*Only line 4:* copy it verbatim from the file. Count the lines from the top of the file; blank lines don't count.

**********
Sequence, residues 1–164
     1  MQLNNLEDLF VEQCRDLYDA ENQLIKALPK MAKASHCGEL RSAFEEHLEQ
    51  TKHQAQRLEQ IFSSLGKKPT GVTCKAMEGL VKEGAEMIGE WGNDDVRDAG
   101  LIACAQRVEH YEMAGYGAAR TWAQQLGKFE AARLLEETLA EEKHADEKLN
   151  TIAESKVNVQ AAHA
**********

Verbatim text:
   101  LIACAQRVEH YEMAGYGAAR TWAQQLGKFE AARLLEETLA EEKHADEKLN